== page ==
• 14. Teens abuse medications in a number of ways:
    Swallow the pills or drink liquids, such as cough syrup
    Crush pills before snorting or smoking the powder
    Melt or dissolve the medications and inject them
    Mix prescription drugs with alcohol and street drugs into cocktails
  • 15. Statistics
    Monitoring the Future survey (on Prescription Drugs)
    Prescription Drug abuse increased from 2.8% of High School students to 7.8%
    National Survey on Drug Use and Health
    In 2002, 4.7 used prescription drugs non-medically
    In 2003, 4.0% youth ages 12-17yrs and 6.0% young adults ages 18-25 reported nonmedical use of prescription drugs.
  • 16. Statistics Cont’d
    Nearly 1 in 5 teens reported abusing prescription medications that were not written out to them at least once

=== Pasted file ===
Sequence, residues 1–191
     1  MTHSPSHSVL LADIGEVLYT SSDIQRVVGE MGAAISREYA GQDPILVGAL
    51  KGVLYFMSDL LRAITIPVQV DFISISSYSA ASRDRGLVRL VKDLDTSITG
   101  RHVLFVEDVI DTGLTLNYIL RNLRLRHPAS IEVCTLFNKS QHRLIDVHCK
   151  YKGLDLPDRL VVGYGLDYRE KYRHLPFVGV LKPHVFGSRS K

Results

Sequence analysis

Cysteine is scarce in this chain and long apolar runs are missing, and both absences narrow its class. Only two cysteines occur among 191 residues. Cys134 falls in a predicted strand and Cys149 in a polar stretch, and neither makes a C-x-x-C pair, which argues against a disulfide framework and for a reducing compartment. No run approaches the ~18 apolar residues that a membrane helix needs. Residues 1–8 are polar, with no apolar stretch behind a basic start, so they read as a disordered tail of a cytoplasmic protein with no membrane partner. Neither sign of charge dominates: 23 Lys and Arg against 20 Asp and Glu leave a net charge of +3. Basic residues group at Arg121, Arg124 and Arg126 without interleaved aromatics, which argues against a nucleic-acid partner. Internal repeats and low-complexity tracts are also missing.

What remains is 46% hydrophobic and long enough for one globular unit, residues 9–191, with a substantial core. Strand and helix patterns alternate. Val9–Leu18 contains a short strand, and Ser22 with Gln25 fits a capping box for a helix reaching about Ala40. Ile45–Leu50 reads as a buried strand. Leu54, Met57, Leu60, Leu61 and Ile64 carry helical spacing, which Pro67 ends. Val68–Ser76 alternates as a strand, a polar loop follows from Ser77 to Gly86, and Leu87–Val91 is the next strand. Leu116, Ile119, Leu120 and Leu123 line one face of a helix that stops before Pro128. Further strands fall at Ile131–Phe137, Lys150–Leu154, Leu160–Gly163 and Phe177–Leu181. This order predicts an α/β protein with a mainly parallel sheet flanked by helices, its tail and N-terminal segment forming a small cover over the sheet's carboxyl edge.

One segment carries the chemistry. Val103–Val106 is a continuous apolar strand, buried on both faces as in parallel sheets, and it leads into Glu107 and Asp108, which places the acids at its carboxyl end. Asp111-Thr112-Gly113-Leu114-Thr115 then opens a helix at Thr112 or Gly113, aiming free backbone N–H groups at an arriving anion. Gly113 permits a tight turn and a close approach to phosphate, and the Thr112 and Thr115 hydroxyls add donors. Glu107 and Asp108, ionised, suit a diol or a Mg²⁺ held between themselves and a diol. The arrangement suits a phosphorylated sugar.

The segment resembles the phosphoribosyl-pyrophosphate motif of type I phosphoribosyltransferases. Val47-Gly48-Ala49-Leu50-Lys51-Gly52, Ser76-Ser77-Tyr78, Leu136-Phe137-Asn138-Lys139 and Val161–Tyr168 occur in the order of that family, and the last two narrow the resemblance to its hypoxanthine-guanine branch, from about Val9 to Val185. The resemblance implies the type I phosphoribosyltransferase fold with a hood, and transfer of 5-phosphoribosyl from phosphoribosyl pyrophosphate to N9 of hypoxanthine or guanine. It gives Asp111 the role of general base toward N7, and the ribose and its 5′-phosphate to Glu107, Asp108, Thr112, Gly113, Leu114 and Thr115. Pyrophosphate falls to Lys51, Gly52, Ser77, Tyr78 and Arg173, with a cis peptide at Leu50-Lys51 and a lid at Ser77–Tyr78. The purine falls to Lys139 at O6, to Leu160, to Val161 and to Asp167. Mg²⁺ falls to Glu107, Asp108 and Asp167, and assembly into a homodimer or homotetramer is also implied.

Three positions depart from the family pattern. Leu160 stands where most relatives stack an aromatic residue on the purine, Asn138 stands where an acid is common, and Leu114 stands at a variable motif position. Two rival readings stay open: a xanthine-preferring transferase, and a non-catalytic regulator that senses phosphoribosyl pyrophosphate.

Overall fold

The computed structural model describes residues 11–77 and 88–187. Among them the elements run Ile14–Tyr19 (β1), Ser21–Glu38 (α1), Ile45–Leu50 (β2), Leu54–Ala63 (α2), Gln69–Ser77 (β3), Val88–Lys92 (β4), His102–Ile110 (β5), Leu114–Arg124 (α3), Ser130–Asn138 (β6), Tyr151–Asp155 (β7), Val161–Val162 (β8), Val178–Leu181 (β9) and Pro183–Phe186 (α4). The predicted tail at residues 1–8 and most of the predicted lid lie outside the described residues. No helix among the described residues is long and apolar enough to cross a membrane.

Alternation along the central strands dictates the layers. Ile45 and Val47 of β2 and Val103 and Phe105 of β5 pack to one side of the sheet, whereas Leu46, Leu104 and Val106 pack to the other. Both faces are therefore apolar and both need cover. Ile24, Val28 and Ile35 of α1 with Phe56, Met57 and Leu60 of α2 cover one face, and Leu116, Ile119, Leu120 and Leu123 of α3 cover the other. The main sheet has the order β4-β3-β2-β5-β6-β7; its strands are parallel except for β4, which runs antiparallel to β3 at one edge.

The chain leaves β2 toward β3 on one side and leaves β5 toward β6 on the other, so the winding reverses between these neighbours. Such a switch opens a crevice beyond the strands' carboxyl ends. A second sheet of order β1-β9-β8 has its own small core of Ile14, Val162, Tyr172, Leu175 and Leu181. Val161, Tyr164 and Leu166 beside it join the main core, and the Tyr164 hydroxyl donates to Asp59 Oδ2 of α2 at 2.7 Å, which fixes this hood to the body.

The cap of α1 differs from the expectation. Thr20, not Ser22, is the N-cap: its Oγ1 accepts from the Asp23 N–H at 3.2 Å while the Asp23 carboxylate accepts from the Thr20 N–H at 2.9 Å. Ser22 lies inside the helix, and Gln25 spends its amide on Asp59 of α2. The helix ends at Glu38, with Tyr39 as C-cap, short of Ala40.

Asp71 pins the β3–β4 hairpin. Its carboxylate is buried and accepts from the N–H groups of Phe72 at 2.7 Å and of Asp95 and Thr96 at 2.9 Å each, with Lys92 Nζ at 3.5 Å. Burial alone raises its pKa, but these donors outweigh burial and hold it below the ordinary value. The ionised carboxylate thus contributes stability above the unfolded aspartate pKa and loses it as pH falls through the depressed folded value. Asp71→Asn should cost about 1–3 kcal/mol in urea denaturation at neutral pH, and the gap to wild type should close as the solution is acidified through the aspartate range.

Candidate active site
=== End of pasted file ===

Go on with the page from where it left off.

30% of adolescents reported having a friend abusing prescription stimulants
    In 2004, 9% of adolescents aged 12 to 17 used prescription drugs
  • 17. Influences on Prescription Drug Use
    Peer group approval
    Teens are under the impression their prescription drug use is responsible
    Teen perception that prescription drugs are safer than illicit street drugs
    Advertisements for prescription drugs has increased significantly.
    $1.8 billion (1999) to $4.2 billion (2004) on prescription drug ads
  • 18. Who’s supplying prescription drugs?
    Peers with illnesses
    Parents’ medicine cabinets
    Physicians
    43% do not ask patients about prescription drug abuse
    1/3 do not refer to patient records for drug abuse
  • 19. Professions concerned about this issue..
    People involved:
    Parents
    Teachers
    SchoolAdministrators
    Coaches
    Counselors
    Pharmacists
    Pediatricians
    Adolescent Medicine Providers
    Emergency Room Providers
    Club Owners
    Organizations involved: